It has come to my attention that you have ambivalent and, even, hostile feelings toward celebrating New Years Eve. Apparently, the Jewish calendar is more important to you than the secular calendar and so Rosh Hashanah means more to you than NYE.
That Rosh Hashanah holds the preeminent place in your heart for marking the New Year is all well and good. But that you aren't gung-ho about NYE is surprising, given your country's reputation for being a place that knows how to party. I saw, first-hand, your knack for throwing a memorable bash back in 2004, when I was an 18-year-old college kid with a Jew-fro attending a Taglit Birthright Israel Mega Event. Ah, (blurry) memories.
For whatever reason, we Jews in America have a long tradition of caring about NYE. We care too much, maybe, but, still, no one can tell us we don't try to make NYE as fun and memorable as possible. Sometimes, Hashem smiles upon us and we find ourselves in the throes of a great night, in the arms of someone we love when the clock strikes midnight. Other times, we are not so lucky, and we are at Norm's on Pico boulevard drunkenly yelling at the waitress that we want old-fashioned maple syrup, not blueberry. Norm's, by the way, is pretty, pretty good--so, if you are ever in the neighborhood, for business, or pleasure, put it on the list.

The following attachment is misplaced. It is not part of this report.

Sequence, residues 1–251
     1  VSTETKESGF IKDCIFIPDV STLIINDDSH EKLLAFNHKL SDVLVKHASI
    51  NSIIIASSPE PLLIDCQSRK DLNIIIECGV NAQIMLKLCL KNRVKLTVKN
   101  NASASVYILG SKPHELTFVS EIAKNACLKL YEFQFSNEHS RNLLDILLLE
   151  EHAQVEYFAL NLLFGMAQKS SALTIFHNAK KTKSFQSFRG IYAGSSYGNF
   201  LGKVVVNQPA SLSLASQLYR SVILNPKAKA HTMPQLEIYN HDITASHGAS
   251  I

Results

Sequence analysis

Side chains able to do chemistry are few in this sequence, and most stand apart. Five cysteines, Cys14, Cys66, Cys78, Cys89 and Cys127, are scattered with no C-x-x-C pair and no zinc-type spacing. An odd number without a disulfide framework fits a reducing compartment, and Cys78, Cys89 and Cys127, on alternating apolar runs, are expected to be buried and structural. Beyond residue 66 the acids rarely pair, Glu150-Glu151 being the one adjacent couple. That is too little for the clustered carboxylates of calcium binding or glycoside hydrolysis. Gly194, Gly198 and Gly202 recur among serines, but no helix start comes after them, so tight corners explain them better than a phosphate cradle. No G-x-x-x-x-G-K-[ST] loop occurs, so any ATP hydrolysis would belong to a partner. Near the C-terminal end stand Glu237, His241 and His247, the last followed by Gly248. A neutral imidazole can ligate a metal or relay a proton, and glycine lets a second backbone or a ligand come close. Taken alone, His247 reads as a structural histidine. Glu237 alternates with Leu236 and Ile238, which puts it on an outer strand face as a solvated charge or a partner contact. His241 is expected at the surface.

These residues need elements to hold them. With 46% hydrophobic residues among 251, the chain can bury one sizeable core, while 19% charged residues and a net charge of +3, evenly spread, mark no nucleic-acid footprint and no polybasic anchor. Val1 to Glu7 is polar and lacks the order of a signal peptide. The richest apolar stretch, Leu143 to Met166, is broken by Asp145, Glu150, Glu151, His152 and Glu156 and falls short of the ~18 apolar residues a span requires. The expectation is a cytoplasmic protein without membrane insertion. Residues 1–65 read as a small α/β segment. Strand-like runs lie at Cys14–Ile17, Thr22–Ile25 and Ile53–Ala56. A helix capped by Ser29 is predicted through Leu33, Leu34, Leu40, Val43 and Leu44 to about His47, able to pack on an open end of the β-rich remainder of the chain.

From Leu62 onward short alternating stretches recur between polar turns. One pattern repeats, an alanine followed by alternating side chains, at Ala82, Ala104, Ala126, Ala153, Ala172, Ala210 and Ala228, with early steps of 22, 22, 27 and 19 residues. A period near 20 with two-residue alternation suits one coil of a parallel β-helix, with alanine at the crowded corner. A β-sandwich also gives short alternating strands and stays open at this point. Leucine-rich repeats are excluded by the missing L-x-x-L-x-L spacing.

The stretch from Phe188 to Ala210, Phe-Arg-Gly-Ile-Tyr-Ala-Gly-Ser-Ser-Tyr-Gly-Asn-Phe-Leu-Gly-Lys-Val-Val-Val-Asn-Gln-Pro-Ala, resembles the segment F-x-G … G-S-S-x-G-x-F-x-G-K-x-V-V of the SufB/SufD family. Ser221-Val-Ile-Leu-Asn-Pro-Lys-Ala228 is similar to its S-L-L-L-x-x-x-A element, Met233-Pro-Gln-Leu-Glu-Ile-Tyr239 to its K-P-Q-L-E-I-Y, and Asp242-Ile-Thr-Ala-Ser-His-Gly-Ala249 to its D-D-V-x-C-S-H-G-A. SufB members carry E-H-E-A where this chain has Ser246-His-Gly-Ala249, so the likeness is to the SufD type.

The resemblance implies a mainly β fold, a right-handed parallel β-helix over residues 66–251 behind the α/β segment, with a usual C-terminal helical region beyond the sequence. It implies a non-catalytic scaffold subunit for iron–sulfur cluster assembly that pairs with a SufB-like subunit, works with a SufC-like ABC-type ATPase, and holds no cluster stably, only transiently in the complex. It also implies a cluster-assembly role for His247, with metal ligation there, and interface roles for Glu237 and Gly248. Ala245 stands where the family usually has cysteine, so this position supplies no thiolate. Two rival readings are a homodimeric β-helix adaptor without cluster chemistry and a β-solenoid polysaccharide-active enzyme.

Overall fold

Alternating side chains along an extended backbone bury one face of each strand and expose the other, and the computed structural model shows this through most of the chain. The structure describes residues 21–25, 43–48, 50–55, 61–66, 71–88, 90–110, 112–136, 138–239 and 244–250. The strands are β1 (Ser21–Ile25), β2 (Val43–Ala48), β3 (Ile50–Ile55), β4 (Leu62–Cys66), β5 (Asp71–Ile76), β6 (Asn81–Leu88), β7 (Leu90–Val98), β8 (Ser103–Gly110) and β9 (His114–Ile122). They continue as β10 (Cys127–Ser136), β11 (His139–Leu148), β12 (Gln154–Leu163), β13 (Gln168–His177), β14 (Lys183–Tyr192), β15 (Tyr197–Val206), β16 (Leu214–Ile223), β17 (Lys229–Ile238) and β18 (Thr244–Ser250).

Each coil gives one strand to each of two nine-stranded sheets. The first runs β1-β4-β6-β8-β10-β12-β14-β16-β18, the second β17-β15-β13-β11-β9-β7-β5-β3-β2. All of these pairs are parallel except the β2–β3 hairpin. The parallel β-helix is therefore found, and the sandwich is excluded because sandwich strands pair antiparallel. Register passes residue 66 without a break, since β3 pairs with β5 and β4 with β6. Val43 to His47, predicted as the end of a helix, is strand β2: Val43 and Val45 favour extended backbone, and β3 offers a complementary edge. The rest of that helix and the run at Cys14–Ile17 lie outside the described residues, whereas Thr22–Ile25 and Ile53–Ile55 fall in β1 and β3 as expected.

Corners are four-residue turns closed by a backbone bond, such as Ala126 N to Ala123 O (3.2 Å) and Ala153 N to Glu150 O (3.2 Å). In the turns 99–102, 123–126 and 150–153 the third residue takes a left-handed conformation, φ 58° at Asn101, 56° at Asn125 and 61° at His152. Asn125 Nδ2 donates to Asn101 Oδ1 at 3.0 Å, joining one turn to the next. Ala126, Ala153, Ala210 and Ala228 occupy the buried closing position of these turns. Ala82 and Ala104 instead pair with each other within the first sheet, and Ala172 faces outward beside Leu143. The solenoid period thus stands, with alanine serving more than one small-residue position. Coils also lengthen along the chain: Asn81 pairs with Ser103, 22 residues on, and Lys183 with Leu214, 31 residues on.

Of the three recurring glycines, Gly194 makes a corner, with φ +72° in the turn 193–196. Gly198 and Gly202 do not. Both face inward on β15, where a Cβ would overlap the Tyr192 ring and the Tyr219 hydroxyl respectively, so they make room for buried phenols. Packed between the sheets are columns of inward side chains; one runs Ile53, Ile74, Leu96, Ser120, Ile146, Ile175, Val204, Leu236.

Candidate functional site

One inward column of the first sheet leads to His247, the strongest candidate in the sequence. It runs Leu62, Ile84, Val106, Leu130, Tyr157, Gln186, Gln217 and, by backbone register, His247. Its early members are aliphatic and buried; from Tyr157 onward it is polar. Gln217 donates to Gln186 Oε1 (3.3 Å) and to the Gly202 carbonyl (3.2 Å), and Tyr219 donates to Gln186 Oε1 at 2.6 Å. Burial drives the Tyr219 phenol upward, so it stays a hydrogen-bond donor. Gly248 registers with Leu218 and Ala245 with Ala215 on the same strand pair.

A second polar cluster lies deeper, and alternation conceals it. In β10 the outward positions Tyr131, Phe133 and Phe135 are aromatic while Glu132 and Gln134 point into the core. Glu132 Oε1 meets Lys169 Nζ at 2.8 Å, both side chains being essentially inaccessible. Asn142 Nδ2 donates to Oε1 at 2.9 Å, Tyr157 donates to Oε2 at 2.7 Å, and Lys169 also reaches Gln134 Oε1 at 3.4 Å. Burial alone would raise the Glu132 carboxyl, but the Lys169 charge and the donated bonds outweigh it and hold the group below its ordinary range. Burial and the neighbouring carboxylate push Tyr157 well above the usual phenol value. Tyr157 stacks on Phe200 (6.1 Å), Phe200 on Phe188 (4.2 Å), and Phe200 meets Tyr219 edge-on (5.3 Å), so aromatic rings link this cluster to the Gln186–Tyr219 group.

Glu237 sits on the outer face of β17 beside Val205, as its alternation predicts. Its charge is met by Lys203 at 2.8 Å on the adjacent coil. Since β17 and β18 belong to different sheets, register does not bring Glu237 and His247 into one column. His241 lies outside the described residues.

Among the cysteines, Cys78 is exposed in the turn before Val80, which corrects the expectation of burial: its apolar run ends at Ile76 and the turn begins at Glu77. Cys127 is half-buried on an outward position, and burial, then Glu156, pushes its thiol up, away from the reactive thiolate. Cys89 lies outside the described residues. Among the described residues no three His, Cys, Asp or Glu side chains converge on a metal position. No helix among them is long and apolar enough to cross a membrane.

The point is, I am uncomfortable with your discomfort. I think of you, Israel, as modern, secular and, well, western. When I read that, save for the nightclubs in Tel Aviv and the occasional hotel lounge champagne popping here and there, Israel does not make a big deal out of NYE, it makes all the people who tell me Israel is not as open minded as I think it is seem correct.
Perhaps I am making too big a thing of this. You don't get excited about NYE...so what, right? WRONG. There is no reason why throngs of people should not be shoulder-to-shoulder in Tel Aviv port, counting down to midnight on Dec. 31 like we do every year in New York City's Times Square and on the Vegas Strip. Even Los Angeles is doing it this year, apparently.
Imagine it, a countdown-to-NYE televised broadcast from Tel Aviv that airs on cable channels across the world. You want good publicity? Get Israel's biggest pop stars to perform on the show, and have a giant disco ball to drop, with a magen david glowing in neon on it, to drop from the sky. I am not kidding. Netanyahu should get Israel's Ministry of Culture and Sport on this venture, like, ASAP.
And I'll tell you what: You do this, and we will draw on our connections in Hollywood to provide you with a host for the show. Anybody you want. Although, if I may, I would like to nominate somebody: Joseph Gordon-Levitt. He is, after all, the Tribe's version of Dick Clark.
Bring Gordon-Levitt into the mix, and you'll forget you ever had any reservations.
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